Late last week, General Motors told dealers in the United States and Canada to stop all sales of Chevy Cruzes. The reason… is potential defects in its air bags. According to General Motors, the driver air bags in certain vehicles were assembled with an incorrect part. While it is unclear if any injuries have resulted from these defective airbags, it is likely that thousands of cars will eventually be recalled.
This air bag issue is separate from another problem that has resulted in seven automakers (Honda, Mazda, Nissan, Toyota, BMW, Chrysler, and Ford) having to recall numerous cars over the past six years. In total millions vehicles have been recalled since 2008 due to defective airbags. These previous recalls were because of a defect which caused the inflator canister to explode and send metal shards flying around inside the passenger compartment.
These metal shards are likely to strike a driver and inflict serious injury. However, passengers are less likely to be injured. Because of the air bags position within the glove box, it is more likely that any explosion would send the metal shards up toward the roof of the car rather than towards a passenger. To date there have been two deaths in Oklahoma and Virginia associated with these defective air bags.
In all instances, the defective air bags were manufactured by Takata Corporation. Takata is one of the three largest producers of air bags. The National Highway Traffic Safety Administration (NHTSA) has launched a full scale investigation regarding the defective air bags. The problem has been traced to improper storage and exposure to moisture of the inflator propellant at Takata plants. The problem began as early as April 13, 2000, and was fixed by Nov. 1, 2002, according to a Takata report to safety officials last year. However, poor record keeping by Takata has made it difficult to identify what vehicles have suspect inflators.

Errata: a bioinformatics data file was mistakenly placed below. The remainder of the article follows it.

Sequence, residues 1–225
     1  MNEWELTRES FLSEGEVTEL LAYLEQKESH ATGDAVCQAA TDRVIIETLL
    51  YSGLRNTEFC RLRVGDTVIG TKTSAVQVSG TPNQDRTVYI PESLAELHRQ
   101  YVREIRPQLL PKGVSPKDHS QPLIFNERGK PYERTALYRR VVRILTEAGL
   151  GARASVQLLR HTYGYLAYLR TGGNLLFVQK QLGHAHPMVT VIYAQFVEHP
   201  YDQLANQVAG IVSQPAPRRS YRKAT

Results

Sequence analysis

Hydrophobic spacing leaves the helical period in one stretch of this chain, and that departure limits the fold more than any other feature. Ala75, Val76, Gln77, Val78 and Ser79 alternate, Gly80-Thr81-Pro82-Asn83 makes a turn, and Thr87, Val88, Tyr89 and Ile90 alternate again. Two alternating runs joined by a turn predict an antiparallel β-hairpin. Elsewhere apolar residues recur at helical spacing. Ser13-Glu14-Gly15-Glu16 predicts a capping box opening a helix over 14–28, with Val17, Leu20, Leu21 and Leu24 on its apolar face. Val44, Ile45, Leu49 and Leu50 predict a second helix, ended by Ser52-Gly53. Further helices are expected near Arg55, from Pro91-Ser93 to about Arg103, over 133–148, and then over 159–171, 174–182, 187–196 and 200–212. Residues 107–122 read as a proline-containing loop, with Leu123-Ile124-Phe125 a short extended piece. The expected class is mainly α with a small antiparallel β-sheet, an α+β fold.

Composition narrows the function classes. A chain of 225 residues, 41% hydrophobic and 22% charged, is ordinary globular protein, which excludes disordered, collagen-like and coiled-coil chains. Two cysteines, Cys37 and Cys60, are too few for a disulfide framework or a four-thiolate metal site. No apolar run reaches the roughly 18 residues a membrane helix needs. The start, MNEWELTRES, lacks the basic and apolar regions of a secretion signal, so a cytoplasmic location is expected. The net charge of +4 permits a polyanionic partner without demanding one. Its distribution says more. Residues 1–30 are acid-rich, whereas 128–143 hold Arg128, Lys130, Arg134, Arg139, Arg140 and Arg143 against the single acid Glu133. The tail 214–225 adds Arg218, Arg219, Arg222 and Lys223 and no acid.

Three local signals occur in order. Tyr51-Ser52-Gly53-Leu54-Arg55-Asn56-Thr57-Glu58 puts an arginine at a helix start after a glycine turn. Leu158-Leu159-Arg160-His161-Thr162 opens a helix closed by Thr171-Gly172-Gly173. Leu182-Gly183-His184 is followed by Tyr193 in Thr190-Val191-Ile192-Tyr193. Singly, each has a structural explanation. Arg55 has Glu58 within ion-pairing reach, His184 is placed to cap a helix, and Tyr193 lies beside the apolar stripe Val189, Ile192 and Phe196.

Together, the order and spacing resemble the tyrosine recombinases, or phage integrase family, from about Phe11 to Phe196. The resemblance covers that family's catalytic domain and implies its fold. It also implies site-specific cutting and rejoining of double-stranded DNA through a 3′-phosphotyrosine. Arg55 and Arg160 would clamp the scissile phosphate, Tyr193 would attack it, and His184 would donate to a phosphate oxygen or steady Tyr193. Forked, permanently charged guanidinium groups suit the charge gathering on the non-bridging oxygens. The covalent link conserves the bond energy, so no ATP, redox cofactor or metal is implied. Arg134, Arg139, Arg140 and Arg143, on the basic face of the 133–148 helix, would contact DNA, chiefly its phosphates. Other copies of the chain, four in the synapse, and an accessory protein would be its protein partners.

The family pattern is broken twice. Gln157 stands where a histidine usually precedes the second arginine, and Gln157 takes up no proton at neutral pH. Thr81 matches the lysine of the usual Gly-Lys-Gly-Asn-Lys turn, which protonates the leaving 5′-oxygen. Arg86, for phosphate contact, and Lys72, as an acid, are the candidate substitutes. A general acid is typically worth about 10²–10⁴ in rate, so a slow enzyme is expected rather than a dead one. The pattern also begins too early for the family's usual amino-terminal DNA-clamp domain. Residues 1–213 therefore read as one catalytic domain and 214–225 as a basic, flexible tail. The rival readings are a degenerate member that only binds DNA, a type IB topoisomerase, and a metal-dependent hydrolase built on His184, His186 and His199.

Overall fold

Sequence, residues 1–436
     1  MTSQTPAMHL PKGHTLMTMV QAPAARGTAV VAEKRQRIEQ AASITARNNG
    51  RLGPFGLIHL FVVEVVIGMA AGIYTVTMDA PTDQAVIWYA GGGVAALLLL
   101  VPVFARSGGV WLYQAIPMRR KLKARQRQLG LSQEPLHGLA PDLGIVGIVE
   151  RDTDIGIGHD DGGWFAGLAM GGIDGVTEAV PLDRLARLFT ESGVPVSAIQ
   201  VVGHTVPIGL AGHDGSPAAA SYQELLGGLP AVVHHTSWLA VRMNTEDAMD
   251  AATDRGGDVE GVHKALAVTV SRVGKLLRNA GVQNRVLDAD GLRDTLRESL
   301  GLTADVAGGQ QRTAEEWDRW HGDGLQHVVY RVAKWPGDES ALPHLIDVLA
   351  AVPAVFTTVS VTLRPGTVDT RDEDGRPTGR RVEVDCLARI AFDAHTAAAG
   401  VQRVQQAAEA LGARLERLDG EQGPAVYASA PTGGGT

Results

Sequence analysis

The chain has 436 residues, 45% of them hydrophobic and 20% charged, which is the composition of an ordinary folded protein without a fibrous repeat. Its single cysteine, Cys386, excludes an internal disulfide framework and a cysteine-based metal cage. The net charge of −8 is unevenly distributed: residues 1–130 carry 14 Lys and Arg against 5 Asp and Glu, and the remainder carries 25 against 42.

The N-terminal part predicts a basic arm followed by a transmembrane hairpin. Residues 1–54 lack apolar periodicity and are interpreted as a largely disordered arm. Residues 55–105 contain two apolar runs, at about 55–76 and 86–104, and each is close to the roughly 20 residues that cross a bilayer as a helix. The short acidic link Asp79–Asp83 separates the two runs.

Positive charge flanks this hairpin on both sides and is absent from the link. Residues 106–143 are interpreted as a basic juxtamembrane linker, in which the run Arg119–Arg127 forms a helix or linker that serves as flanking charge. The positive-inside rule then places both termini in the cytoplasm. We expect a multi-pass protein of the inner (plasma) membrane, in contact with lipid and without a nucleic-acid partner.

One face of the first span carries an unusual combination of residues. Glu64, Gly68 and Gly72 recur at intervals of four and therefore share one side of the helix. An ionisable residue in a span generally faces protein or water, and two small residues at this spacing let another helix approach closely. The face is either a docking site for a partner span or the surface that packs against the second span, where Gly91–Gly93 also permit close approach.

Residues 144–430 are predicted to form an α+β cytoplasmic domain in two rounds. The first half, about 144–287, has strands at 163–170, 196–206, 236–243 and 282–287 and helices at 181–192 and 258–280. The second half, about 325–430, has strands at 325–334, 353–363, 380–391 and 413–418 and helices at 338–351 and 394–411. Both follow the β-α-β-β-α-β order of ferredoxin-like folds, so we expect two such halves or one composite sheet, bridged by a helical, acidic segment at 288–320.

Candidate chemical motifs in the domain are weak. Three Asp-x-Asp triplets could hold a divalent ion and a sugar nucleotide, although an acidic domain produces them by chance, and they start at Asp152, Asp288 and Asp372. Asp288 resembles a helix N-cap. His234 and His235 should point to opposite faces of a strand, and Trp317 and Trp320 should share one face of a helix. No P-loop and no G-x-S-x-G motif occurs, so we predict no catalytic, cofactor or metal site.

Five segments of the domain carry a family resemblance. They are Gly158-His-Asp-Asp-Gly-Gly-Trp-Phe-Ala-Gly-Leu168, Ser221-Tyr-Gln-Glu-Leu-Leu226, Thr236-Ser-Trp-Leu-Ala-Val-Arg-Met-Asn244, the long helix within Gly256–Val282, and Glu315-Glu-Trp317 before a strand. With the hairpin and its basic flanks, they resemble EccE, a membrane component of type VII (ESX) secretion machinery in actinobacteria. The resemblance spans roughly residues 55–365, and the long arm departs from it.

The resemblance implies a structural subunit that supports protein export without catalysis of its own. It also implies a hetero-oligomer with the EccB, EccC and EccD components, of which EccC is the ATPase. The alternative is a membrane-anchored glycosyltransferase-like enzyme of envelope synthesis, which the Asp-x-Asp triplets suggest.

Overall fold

Therefore, the recalls continue to be extensive in size in order to protect individuals from the potential of injury. However, a majority of the recalls have been focused in high humidity areas due to the potential for additional risks. This is consistent with the NHTSA’s report, which states that it is aware of six instances of air bags exploding, primarily in Florida and Puerto Rico.
While General Motors is optimistic that it will locate and recall all cars installed with the defective product, consumers are less likely to be optimistic for a good reason. 10 million of the 30 million vehicles recalled in 2014 have been as a result of air bag defects. The NHTSA has increased its oversight of car manufactures in light of this staggering statistic. Hopefully, this oversight will effectively prevent further defects and injury.